Israel’s natural gas breakthrough could spell huge changes for the future of energy trade, affect Middle East-U.S. oil relationships
The RM5 is designed to precisely calculate natural gas volumes and automate process control using only one simple piece of equipment.
Israel begins its largest infrastructure project to date.
When one thinks of the country of Israel, the natural gas industry is not the first thing that comes to mind. However, in 2010 a natural gas exploration project, headed by Texas-based Noble Energy led to the discovery of two gas fields, Tamar and Leviathan, off Israel’s coast which could contain a total of 736 billion cubic meters of gas – almost enough to power the entire Unites States for a year.
Source: US Energy Information Administration
Tamar, the smaller of the two oil fields, has already begun pumping and exporting to Jordan. The considerably larger Leviathan field is still undergoing exploratory drilling. Thus far the Leviathan is estimated to hold anywhere between 500 and 620 billion cubic meters of gas. Such an enormous offshore hold was bound to be under dispute, and Lebanon has staked a claim on a portion of the Leviathan field. The northernmost area of the Leviathan field falls under long-disputed waters between Israel and Lebanon, but Israel is standing firm in its claim over the stores. In fact, despite potential setbacks Israel continues exploratory drilling of the area and has already begun construction for pumping oil from the Leviathan field.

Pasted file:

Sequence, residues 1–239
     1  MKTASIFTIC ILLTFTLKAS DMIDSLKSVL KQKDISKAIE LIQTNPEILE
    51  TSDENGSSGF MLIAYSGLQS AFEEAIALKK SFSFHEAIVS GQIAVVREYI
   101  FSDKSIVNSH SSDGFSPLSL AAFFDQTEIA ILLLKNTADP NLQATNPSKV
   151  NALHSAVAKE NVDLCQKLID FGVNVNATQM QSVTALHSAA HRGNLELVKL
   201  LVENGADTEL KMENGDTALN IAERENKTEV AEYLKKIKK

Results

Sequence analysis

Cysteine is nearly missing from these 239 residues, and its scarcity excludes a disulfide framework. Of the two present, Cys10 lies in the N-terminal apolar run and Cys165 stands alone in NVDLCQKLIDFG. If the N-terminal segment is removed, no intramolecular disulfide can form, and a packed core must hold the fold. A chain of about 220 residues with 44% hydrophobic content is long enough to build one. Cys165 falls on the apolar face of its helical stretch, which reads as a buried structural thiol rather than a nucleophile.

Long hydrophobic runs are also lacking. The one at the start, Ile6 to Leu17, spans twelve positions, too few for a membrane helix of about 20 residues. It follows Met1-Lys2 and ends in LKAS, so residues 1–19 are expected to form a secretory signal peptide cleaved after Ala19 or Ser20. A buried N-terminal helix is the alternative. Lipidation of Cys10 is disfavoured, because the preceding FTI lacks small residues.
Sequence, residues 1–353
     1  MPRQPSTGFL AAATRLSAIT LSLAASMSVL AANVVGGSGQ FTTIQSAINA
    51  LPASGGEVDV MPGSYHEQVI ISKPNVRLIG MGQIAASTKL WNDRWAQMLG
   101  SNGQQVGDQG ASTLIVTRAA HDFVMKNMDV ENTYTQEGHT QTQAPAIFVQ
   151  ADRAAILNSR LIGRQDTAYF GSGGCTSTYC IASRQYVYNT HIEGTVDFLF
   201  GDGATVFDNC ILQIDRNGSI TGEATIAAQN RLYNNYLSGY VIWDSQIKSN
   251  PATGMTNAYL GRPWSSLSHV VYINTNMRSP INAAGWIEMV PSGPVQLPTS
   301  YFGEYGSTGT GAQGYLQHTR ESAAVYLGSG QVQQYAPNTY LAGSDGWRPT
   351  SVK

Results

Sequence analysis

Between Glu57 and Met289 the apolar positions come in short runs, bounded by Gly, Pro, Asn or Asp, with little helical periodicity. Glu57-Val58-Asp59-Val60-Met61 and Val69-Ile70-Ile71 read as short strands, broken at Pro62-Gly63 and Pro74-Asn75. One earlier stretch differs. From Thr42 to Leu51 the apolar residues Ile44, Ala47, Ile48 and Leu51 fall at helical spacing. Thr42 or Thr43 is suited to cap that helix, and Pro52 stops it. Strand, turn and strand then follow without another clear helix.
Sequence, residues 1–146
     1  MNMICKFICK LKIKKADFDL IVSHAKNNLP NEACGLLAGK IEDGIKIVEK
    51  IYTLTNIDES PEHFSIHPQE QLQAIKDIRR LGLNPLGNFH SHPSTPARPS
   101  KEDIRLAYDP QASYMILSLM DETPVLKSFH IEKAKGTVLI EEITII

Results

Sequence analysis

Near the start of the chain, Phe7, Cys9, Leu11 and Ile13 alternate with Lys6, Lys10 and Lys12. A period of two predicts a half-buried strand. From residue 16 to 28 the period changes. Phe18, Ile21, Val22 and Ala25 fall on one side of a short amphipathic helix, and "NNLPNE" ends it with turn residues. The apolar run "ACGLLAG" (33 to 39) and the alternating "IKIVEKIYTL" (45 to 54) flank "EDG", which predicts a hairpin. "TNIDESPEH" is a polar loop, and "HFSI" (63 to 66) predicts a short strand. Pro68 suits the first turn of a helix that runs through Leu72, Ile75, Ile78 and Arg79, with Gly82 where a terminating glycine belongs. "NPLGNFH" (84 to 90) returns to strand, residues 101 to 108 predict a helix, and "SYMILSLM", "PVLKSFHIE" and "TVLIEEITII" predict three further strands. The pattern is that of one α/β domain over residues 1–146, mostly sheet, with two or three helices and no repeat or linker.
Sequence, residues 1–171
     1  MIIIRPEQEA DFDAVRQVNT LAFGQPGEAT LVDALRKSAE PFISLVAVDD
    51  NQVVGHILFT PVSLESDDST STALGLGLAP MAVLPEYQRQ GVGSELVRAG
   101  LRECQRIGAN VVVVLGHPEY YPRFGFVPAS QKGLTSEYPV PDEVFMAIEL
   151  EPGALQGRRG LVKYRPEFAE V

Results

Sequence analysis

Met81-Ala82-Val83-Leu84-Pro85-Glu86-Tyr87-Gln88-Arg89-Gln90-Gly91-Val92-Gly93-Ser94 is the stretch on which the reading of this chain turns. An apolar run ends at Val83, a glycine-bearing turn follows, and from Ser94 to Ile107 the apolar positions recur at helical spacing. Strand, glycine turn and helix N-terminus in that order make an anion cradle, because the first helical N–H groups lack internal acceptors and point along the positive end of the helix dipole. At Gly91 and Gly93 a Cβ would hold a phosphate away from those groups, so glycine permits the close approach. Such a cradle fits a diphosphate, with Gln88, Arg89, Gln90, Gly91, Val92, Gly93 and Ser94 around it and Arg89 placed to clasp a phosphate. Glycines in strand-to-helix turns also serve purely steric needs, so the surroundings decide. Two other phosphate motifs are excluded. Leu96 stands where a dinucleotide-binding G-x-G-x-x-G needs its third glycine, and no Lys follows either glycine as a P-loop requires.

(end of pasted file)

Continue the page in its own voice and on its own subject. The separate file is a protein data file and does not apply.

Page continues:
Israel’s new reserves may spell out a change in world exports.
Source: Campsmum via Flickr
A long-standing ally of Israel, the potential arises to believe that the U.S. would move imports from its strained Arab nation associates to more stable grounds. In combination with Israel signing contracts for exporting, the Texas-based company Noble Energy is heading the exploration phase. With firm western presence already established, opening up trade channels is the logical step. The United States is already shrinking its oil imports from Saudi Arabia and Iraq, along with a number of other countries that stand in precarious political positions. Severing trade with Arab neighbors would heavily impact the U.S.-Middle East relationships, perhaps widening the rift between the two and assigning Israel as the border wall. The looming question remains, how would their Arab counterparts respond?
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